Skip to navigation Skip to content Skip to footer

Yale is Outright Ivy Champs

Foye Oluokun Helped Yale Make 6 Sacks in The Game (Stephen Fritzer image)
Foye Oluokun Helped Yale Make 6 Sacks in The Game (Stephen Fritzer image)

Bulldogs Sack Harvard 24-3

 

 

 

NEW HAVEN, Conn. – The crowning of the 2017 Ivy League Champions came after a dominating defensive performance before a crowd of 51,426 in the 134th edition of The Game. Yale, which earned its first outright league title since 1980, sacked Harvard quarterbacks six times and limited its offense to 164 total yards in a 24-3 victory over the Crimson at historic Yale Bowl.

The Bulldogs, whose consecutive wins in The Game are the first for the school since 1999 and 2000, had champagne and cigars after putting together a complete, team effort that brought their record to 9-1, 6-1 Ivy and brought the first league title of any kind since 2006.

The Eli offense did its job in taking advantage of opportunities, but the defense took control of the contest after Harvard opened the game with a 29-yard field goal. Three first-half sacks, including two by senior linebacker Matthew Oplinger, who finished the year with a team-high 11.5, allowed the Elis an opportunity to take over on the scoreboard.

Yale receiver J.P. Shohfi, who had a 46-yard reception over the middle, made a spinning grab of a pass in the back corner of the end zone on a third-and-goal play while getting one foot in bounds. The throw from sophomore quarterback Kurt Rawlings (18-27, 177 yards), who had led the Blue to victory a year ago at Boston, was on the money.

Fifty-five seconds later sophomore defensive back Malcolm Dixon grabbed an errant pitch from Harvard quarterback Jake Smith and returned it 19 yards for a touchdown to make it 14-3. That set the tone for the Blue defense as it limited the visitors to just three series past the 50-yard line overall.

"I thought it was a route. I saw the quarterback running out, so I got outside," said Dixon, who led Yale in pass breakups this fall. "I saw him slip, I saw end zone, I saw ball, and I put 2 and 2 together, that was it."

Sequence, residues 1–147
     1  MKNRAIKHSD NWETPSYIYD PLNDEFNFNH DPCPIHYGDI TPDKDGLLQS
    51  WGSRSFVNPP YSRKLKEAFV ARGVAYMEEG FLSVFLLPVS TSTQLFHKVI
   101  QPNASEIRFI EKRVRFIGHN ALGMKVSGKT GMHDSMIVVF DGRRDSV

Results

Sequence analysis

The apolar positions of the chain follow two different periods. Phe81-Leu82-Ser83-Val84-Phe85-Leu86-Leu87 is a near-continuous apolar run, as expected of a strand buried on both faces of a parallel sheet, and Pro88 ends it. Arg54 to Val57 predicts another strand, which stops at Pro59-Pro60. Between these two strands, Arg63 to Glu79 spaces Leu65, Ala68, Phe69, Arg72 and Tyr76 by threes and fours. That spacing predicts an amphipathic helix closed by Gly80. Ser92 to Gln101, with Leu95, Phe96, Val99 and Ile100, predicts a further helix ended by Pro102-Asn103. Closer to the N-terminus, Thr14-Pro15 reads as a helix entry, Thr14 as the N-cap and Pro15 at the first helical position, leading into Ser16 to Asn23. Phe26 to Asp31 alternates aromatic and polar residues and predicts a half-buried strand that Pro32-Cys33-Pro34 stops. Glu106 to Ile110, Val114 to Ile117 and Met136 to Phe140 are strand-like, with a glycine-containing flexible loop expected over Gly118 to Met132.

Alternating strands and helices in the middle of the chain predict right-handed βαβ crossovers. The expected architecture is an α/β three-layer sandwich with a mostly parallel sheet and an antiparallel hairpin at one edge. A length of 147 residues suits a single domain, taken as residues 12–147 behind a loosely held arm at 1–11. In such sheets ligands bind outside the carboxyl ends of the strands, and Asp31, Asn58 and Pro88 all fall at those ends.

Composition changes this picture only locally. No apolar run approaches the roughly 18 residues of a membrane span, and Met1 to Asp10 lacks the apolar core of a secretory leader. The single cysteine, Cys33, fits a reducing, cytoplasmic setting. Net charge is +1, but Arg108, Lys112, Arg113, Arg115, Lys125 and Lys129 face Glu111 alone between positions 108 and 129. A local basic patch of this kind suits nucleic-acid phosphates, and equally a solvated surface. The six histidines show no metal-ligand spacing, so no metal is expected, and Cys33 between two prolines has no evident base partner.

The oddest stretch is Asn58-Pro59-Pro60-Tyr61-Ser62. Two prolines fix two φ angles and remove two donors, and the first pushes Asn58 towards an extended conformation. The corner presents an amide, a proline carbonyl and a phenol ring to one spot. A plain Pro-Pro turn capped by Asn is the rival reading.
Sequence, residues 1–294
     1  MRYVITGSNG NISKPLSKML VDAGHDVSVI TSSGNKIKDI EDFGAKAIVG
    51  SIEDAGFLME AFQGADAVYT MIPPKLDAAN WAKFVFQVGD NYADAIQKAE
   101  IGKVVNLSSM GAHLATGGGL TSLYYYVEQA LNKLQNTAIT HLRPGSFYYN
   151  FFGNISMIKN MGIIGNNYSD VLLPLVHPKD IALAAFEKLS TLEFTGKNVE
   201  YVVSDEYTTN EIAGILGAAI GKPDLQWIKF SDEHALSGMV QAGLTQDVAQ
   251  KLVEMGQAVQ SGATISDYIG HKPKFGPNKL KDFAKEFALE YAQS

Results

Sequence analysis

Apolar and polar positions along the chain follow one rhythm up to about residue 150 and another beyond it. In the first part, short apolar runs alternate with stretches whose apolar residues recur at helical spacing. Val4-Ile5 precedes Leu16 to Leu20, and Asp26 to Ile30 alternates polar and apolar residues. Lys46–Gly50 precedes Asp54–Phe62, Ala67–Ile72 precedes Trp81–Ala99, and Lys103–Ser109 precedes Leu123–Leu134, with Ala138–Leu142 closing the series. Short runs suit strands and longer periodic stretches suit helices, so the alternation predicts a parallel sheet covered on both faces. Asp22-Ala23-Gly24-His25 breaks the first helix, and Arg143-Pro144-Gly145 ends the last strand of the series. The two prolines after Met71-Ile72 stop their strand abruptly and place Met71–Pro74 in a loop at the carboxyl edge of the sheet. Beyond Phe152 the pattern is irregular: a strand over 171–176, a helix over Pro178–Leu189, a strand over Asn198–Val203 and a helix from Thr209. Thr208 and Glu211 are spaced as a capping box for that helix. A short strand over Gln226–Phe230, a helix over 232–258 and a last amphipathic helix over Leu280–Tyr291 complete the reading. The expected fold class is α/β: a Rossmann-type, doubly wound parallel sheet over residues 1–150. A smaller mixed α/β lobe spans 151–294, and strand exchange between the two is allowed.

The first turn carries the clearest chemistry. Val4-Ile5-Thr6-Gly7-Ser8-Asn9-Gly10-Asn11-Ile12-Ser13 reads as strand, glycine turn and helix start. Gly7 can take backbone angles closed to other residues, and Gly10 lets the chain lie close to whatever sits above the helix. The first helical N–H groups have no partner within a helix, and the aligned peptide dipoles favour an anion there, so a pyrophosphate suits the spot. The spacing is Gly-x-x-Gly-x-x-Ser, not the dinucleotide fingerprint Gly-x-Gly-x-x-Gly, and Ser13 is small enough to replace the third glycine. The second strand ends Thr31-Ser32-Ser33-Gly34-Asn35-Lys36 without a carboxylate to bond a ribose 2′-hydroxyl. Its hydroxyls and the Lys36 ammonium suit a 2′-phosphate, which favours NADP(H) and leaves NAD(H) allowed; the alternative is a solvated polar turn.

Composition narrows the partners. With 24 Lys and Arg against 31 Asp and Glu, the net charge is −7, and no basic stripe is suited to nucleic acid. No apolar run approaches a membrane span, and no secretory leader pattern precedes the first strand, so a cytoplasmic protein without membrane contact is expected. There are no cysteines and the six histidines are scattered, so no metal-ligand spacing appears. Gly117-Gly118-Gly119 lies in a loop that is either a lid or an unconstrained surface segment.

Another botched toss from Smith ended up in the arms of Yale defensive end J. Hunter Roman on the next series, leading to a 25-yard Alex Galland field goal with no time left on the clock in the first half.

After a scoreless third frame, Bulldog freshman running back Zane Dudek put the icing on the championship cake with a two-yard plunge, his 15th rushing score of the season.

Senior linebacker Foyesade Oluokun, who had one of Yale's season-high six sacks, led the Elis with nine tackles, including three for lost yardage, and caused one fumble in his final contest.

Yale's great defensive effort also had Hayden Carlson with an interception and two pass breakups, while freshman Deonte Henson registered a late pick. Meanwhile, captain Spencer Rymiszewski had the challenge of staying with Harvard standout WR Justice Shelton-Mosely all day. The Yale senior limited him to seven catches and 77 yards, while the secondary did its job in allowing the Crimson just a dozen completions all day.

"He's incredibly smooth," said Rymiszewski of the Harvard star. "You have to stay on top of him. Coach [Sean] McGowan put us in a great position to get double teams on him. All around, it starts with the front, it starts with Op [Matt Oplinger] leading the middle and charging. They did a great job, put pressure on the quarterback all day and that makes it 10 times easier on the secondary."

Rymiszewski and his mates allowed just 16 points in the Bowl over the last four games, and today's total for Harvard was the fewest allowed by the Blue in The Game since a 28-0 blanking in 1981.

Harvard, which only allowed 12 sacks through the first nine games this fall, used two signal-callers on a total of 24 pass attempts. There just weren't many white shirts open to throw at and no time to look around for options.

Tony Reno, Yale's Joel E. Smilow '54 Head Coach, who helped the Elis clinch their 15th title last week at Princeton, had to wait a week to explain how his team got up so high to play two important, rivalry games in consecutive weeks.

"I think it shows the ability for these guys to compartmentalize day in and day out and continue to embrace what they set out for," said Reno. "It would be really easy for these guys - after they won at Princeton - just to be fat cats, but that wasn't it at all. These guys came with a different type of energy last Sunday. It means everything to us. It means everything to our university, to our alumni."

 

 

 

 

By Steve Conn, Yale Associate AD/Sports Publicity Director – steven.conn@yale.edu